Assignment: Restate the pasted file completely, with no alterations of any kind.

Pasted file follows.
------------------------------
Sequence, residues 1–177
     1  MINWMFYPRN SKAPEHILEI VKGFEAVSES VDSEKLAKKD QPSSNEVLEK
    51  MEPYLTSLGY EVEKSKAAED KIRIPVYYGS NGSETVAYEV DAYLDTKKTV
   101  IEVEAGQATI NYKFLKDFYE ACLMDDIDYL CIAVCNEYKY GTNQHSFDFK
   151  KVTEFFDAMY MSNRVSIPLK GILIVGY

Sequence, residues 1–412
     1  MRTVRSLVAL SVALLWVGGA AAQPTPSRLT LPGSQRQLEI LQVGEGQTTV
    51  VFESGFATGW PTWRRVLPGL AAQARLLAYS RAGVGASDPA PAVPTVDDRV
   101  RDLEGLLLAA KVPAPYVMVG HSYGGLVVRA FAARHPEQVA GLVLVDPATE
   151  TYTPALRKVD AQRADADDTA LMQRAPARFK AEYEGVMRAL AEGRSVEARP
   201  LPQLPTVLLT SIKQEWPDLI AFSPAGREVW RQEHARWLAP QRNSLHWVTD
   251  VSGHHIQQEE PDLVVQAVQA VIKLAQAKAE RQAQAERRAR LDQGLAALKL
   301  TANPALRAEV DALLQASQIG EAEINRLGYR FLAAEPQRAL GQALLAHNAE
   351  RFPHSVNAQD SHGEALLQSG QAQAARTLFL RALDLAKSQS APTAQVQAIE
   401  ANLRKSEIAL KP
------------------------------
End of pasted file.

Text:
Sequence, residues 1–177
     1  MINWMFYPRN SKAPEHILEI VKGFEAVSES VDSEKLAKKD QPSSNEVLEK
    51  MEPYLTSLGY EVEKSKAAED KIRIPVYYGS NGSETVAYEV DAYLDTKKTV
   101  IEVEAGQATI NYKFLKDFYE ACLMDDIDYL CIAVCNEYKY GTNQHSFDFK
   151  KVTEFFDAMY MSNRVSIPLK GILIVGY

Sequence, residues 1–412
     1  MRTVRSLVAL SVALLWVGGA AAQPTPSRLT LPGSQRQLEI LQVGEGQTTV
    51  VFESGFATGW PTWRRVLPGL AAQARLLAYS RAGVGASDPA PAVPTVDDRV
   101  RDLEGLLLAA KVPAPYVMVG HSYGGLVVRA FAARHPEQVA GLVLVDPATE
   151  TYTPALRKVD AQRADADDTA LMQRAPARFK AEYEGVMRAL AEGRSVEARP
   201  LPQLPTVLLT SIKQEWPDLI AFSPAGREVW RQEHARWLAP QRNSLHWVTD
   251  VSGHHIQQEE PDLVVQAVQA VIKLAQAKAE RQAQAERRAR LDQGLAALKL
   301  TANPALRAEV DALLQASQIG EAEINRLGYR FLAAEPQRAL GQALLAHNAE
   351  RFPHSVNAQD SHGEALLQSG QAQAARTLFL RALDLAKSQS APTAQVQAIE
   401  ANLRKSEIAL KP